“As long as you came in on a tourist visa, that hasn’t expired.. meaning…. if you’re American and you haven’t gone beyond your 90 days, then you are free to leave. The ARC card is what you need to be legal to teach in Korea as a foreigner. It extends your stay in Korea beyond a tourist visa and gives you working rights along with health insurance and pension, etc.
“Wait a second. How can you leave Korea, without a passport? Didn’t you have to turn over your passport to immigration in order for them to process your ARC card?”
Yes, I did… I’ll have to wait to get my ARC card before I can leave then…
“So here’s what you do: Wait until your ARC card is ready. Then go to immigration and pick up your ARC card. Next, book your flight out of Korea. Lastly, show up at the airport with both your ARC card and your passport but turn in your ARC card to immigration. It’s that simple. They can’t stop you from leaving, but they will most likely run you through their database to see if you’ve committed crimes. After all, you just got your ARC card, and now you’re turning it in.” Don’t tell your hagwon owner you’re bailing. I’ve heard stories where they called immigration and made up lies about teachers, just to hassle with them.
“Be prepared to have Immigration ask you why you are quitting your teaching job so soon and leaving Korea. I’d say, you have a family emergency to attend to and have to return home and you don’t know how long you will be there. Tell them your hagwon owner understands your situation and has found another teacher. They’ll understand this explanation. Don’t mention your anxiety and NOT telling the hagwon owner. It’s better to have a straight forward, plausible, with no red flags story. Good luck and take care of yourself.”
Hagwon wants me to sign an Non Disclosure Agreement. Should I?
I’ve been offered a teaching position at what appears to be a pretty good school. They pay 2.3 million won per month, with single housing, and all the benefits. I’ve done interviews with the recruiter, hagwon manager, director, and even got to chat with the head foreign teacher. Problem is… they are asking me to sign an NDA. What the NDA implies, is that I can’t talk about my salary, benefits, or disclose any internal things specific to the school. Is this normal verbiage in hagwon contracts?
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“What did your recruiter say?”
She said it’s a standard clause with teaching contracts in Korea and I don’t have anything to worry about. She also said the hagwon would not remove it. Supposedly, it’s to protect the hagwon against teachers sounding off negatively to other teachers, on ESL forums, and such. So much for employer transparency. Should I just sign it and take the job?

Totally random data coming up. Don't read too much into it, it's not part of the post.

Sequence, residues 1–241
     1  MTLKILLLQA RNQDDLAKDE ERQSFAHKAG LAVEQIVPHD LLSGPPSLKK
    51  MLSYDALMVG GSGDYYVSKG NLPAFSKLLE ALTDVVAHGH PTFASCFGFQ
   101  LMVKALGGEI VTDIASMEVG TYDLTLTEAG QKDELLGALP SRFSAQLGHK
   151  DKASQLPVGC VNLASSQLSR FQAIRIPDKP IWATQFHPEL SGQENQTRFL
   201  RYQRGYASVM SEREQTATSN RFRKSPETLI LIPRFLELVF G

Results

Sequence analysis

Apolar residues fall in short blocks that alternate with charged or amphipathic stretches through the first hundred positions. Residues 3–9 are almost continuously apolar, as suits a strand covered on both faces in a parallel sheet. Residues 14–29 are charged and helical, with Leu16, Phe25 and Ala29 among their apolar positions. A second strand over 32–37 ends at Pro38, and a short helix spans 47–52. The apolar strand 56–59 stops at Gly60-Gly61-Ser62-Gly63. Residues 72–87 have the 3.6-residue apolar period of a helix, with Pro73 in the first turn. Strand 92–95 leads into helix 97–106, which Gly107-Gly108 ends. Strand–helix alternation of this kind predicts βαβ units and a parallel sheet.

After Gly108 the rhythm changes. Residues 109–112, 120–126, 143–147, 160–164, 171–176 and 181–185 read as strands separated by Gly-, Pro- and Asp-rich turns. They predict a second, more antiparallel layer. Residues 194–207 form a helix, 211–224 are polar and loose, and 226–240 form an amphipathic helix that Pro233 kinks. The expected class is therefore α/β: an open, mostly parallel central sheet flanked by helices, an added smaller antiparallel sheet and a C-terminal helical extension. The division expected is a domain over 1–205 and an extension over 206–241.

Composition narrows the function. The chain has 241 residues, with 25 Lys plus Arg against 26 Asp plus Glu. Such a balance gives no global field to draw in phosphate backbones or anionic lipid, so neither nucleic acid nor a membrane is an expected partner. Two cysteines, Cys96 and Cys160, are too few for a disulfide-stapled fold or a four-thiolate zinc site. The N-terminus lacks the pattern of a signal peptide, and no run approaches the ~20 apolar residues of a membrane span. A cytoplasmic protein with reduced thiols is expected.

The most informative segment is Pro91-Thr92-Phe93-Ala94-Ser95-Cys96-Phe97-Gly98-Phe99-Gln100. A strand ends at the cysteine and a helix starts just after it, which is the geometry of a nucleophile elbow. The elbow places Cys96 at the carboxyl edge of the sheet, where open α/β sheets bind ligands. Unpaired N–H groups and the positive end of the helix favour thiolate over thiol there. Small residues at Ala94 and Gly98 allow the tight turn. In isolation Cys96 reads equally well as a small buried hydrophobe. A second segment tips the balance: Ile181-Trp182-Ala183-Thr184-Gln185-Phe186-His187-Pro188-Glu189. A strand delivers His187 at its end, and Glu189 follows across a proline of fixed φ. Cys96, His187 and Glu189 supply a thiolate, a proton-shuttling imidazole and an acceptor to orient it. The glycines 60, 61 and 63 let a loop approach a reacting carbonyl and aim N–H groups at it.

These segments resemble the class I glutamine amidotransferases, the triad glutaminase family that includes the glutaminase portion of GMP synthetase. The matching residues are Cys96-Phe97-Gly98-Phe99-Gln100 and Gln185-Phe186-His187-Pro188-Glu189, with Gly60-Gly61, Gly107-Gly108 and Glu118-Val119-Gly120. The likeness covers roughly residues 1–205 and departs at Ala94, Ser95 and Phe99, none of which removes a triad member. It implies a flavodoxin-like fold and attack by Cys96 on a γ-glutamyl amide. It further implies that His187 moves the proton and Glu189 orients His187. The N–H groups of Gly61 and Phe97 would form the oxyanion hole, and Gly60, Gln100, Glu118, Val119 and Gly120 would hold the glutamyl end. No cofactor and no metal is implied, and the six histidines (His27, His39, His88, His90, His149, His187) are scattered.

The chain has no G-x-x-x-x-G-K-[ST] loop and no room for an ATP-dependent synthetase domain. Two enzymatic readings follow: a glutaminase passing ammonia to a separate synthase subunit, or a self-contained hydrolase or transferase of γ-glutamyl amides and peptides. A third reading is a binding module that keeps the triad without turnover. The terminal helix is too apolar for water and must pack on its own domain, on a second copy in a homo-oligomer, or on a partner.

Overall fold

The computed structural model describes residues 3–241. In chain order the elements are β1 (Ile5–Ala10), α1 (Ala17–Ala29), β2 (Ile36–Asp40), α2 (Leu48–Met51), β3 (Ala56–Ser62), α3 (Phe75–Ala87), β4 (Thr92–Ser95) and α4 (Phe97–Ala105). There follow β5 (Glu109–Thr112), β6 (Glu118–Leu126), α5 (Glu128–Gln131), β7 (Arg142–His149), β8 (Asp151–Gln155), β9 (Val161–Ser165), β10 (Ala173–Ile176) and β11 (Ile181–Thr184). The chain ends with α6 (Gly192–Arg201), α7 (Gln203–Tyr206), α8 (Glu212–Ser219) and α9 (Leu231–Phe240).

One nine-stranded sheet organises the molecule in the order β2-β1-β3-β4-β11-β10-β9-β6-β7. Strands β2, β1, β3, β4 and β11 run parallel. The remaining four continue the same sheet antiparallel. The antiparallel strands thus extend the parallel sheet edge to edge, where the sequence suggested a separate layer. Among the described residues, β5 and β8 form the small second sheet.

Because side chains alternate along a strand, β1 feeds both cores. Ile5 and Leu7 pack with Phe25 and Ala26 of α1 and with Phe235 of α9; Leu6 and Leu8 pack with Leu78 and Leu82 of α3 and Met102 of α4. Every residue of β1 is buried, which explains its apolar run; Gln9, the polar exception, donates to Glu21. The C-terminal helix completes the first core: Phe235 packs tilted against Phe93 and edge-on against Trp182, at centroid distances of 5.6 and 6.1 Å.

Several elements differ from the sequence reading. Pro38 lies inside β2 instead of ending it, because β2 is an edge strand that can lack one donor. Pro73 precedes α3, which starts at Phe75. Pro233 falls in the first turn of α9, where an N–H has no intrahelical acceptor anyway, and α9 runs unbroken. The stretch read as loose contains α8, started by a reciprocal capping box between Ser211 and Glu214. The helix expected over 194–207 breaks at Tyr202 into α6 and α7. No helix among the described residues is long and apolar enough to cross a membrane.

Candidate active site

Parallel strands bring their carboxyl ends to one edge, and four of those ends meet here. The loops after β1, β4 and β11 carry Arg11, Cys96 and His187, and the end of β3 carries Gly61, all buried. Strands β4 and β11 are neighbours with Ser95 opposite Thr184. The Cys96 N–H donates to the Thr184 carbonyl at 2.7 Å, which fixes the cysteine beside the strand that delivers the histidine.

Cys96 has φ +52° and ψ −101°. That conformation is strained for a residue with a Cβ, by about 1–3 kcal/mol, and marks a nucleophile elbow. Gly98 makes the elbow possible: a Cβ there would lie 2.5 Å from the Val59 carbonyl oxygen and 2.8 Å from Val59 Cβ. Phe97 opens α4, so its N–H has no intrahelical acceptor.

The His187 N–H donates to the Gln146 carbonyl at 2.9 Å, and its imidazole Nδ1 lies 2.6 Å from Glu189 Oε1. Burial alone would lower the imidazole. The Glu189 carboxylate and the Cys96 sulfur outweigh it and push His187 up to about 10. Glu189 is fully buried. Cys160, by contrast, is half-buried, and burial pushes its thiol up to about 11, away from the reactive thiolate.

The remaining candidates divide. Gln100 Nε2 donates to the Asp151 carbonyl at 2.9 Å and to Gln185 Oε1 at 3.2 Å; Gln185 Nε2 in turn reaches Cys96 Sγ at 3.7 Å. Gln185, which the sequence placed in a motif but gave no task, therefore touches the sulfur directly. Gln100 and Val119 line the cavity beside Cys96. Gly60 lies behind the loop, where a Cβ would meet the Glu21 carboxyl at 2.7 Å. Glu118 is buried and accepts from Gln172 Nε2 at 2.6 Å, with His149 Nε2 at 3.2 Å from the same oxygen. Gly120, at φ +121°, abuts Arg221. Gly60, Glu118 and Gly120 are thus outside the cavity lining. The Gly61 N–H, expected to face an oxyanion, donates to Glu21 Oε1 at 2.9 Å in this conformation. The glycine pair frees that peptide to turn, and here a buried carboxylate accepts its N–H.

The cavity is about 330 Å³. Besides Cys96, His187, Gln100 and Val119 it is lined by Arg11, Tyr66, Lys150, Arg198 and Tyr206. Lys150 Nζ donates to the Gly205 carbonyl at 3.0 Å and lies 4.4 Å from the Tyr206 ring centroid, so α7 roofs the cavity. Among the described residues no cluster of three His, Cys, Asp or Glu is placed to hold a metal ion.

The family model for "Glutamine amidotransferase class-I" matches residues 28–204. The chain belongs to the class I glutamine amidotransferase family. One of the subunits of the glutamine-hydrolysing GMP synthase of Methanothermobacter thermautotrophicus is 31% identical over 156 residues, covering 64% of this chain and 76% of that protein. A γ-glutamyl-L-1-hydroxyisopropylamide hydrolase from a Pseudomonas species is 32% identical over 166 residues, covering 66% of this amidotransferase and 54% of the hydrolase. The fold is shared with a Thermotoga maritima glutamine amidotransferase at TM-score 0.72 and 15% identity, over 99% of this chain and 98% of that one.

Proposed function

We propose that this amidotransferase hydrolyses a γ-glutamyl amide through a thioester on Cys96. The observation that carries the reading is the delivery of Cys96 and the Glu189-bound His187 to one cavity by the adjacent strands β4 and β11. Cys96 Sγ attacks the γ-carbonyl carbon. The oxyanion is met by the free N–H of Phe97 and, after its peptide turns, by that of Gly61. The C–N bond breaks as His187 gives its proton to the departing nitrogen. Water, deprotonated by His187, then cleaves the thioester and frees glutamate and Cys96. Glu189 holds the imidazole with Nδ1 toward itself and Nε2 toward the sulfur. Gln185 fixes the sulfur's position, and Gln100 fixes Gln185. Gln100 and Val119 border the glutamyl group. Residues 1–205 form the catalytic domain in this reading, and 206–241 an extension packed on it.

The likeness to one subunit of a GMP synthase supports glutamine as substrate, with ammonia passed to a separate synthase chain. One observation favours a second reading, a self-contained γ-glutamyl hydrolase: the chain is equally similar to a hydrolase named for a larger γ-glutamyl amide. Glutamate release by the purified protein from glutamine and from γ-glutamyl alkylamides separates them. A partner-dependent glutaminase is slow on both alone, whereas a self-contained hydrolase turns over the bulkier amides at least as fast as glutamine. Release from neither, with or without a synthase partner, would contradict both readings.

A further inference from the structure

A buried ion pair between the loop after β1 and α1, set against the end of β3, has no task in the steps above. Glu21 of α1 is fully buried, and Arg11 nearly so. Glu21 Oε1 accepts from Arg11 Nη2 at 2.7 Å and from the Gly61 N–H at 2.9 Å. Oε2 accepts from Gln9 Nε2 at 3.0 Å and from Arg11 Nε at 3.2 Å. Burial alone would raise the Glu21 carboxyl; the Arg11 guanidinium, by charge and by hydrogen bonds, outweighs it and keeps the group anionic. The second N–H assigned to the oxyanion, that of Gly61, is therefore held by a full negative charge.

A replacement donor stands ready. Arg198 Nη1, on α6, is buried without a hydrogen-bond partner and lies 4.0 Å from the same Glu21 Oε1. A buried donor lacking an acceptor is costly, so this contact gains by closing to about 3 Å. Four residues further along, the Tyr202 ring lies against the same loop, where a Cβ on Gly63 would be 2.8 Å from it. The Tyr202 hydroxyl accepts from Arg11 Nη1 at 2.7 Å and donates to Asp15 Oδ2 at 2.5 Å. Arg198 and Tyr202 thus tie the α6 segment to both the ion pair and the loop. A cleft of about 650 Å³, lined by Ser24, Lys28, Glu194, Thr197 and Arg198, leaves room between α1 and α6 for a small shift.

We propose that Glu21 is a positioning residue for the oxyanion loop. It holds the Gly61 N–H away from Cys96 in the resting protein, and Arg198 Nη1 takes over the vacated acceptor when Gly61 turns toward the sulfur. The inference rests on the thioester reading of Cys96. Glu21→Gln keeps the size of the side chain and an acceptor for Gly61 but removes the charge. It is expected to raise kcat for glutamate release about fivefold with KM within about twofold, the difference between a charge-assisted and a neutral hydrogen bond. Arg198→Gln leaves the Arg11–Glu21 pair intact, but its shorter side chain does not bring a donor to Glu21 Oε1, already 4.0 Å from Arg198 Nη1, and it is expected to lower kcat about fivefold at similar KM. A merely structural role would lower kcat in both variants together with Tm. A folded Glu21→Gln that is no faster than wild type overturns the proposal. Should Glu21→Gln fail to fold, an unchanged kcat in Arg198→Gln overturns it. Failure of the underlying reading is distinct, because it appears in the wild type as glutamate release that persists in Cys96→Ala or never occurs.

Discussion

“Sometimes they pay certain teachers more than others. For instance, Koreans versus native speakers. They don’t want side conversations happening in or around the hagwon about how much your getting paid versus a Korean teacher. Creates bad blood I guess. It’s pretty common these days to see these NDA clauses in ESL contracts.”
“This is just a way for hagwons to silo every employee and prevent them from talking about the school. As if people don’t talk about their jobs, pay and working conditions anyway. I wouldn’t sign it. Plenty of other schools to apply to that don’t insist on this. Obviously the school must have something to hide from teachers or they wouldn’t be asking for it.”
“They just don’t want you shouting your salary from the rooftops to everyone who works with you. Many companies in Canada have NDAs and non compete clauses as well. It just keeps the atmosphere professional in the workplace. Pretty sure it’s mostly about water cooler talk such as “how much is your salary compared to mine” that the hagwon wants to avoid. Just sign it. You’d have to do it back home if you’re working in an office somewhere.”
“Yeah, just sign it. I certainly wouldn’t let it keep you from taking the job, if you like the hagwon. Schools are doing it now. Guess where they learned this type of contract clause? The developed world! And that’s where you come from…”
“They also don’t want you talking about students, management or coworkers. I think students is the most important one. You’re a teacher and any issues, or personal information about your students should be kept to yourself. That makes sense to me as a parent. I’d hope all schools in Korea would enforce an NDA.”